CUHA Beat


Dr. William Hornbuckle leaves a legacy of learning

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Book learning builds great foundations for veterinary knowledge, but sometimes the best way to learn something is by starting to do it early. While teaching clinical medicine Dr. Hornbuckle realized he wanted his instruction to be in a style with which students would assume more responsibility. Towards this educational objective he developed a program in which students have direct responsibility for cases. They do this in the CPS unit where faculty and staff understand and treat the students on service as the attending clinicians.

The philosophy behind the developed education methodology drives the experiential learning that occurs in today’s CPS. There, students for the first time see appointments from beginning to end, taking patients’ histories, communication with clients, examining and discharging patients, and following-up with clients.

“Once they were allowed to actively engage, they became incredibly animated and involved,” said Dr. Hornbuckle. “It completely transformed them. Seeing that transformation has been a key motivational experience in my life and probably the best thing I’ve gotten from my career.”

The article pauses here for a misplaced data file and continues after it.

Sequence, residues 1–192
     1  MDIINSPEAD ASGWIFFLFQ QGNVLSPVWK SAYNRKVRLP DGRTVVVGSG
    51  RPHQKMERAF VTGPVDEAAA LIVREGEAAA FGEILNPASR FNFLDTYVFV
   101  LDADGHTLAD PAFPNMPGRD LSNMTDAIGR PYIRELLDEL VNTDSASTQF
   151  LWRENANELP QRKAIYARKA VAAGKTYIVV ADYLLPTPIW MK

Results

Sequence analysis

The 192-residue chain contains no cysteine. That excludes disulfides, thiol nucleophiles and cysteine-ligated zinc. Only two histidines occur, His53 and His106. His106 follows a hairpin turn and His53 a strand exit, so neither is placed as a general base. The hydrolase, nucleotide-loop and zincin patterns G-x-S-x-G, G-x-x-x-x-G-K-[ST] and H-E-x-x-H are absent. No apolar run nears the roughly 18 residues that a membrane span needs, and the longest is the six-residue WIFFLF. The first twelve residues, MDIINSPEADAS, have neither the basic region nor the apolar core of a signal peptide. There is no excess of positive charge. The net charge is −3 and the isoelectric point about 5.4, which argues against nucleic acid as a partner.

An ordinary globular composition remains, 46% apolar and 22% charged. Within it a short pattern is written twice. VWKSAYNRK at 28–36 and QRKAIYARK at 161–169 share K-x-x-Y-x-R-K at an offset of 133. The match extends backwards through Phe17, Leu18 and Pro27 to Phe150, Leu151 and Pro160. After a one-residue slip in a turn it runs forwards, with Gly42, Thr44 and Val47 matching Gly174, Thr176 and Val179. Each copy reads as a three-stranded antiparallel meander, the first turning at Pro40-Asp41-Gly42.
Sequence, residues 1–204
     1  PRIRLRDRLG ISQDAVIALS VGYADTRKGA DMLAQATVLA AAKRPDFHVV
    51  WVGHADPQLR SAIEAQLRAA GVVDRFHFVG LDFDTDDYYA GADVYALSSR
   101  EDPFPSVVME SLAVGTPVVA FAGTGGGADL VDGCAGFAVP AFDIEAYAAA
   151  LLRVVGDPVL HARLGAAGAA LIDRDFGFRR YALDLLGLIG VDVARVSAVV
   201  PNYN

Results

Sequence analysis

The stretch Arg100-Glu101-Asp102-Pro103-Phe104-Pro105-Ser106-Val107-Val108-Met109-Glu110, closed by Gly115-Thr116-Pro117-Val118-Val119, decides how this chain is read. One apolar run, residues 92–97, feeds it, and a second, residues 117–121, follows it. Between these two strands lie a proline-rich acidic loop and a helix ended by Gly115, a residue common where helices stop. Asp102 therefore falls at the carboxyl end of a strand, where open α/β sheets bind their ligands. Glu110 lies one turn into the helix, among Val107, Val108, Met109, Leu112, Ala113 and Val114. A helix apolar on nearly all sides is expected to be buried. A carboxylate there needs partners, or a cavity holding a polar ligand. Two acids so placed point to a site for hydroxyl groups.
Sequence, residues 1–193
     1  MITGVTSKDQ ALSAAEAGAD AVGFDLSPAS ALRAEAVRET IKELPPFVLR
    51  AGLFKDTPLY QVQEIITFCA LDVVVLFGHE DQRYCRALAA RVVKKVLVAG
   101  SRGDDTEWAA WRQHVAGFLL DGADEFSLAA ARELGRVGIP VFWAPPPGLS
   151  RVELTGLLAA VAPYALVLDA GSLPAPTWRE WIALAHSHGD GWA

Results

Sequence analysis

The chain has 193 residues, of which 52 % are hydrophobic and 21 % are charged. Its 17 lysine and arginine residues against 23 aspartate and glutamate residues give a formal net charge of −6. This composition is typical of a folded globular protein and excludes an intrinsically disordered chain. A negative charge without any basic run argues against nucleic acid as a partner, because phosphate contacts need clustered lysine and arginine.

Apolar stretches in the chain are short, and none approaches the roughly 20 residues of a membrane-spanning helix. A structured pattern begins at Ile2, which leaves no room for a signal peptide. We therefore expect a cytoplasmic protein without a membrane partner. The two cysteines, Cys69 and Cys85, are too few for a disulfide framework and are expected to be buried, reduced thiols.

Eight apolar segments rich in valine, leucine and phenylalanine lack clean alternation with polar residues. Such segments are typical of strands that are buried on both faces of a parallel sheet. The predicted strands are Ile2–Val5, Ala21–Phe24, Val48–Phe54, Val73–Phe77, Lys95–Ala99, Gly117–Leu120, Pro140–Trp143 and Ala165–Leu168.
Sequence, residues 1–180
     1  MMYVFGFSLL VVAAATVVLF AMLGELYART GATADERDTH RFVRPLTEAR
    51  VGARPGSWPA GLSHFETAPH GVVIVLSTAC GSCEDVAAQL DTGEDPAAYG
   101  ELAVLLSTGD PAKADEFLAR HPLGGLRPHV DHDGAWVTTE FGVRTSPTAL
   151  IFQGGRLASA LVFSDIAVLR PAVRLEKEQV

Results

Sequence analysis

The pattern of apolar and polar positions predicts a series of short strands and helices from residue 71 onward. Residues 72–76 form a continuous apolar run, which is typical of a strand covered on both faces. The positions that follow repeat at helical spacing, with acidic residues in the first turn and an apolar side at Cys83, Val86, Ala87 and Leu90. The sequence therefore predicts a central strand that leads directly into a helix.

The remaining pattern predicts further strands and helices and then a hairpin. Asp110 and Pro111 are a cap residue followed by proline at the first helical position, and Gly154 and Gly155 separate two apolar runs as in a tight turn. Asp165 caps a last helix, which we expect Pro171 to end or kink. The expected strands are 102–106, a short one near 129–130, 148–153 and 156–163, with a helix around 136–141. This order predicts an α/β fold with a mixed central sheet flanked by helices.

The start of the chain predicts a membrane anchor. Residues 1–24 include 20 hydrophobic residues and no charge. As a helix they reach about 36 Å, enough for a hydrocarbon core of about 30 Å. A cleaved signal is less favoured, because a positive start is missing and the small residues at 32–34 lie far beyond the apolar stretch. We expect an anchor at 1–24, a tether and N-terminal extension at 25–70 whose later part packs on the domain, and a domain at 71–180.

hThe CPS educational experience is at the core of the College’s Southside Healthy Pet Clinic where the students take on even greater responsibility. This is an off-site clinic that serves Ithaca’s financially underprivileged and provides students with a thriving service learning opportunity. The second year students take on even more responsibility as they peer-mentor first-year students in a CPS style program. Faculty are present, but their role is to watch from a distance, provide consultation as requested, and to jump in when necessary. The program is one of the College’s most popular for students and has recently held four similar clinics in neighborhoods across the state.

Now retiring after many years of service, Dr. Hornbuckle is happy to see the CPS service growing, led by his protégé Dr. Brian Collins ’94.

“It’s difficult to contemplate life after Cornell,” said Dr. Hornbuckle. “But it’s a relief and an honor to know that programs I helped build and grow will thrive under excellent hands.”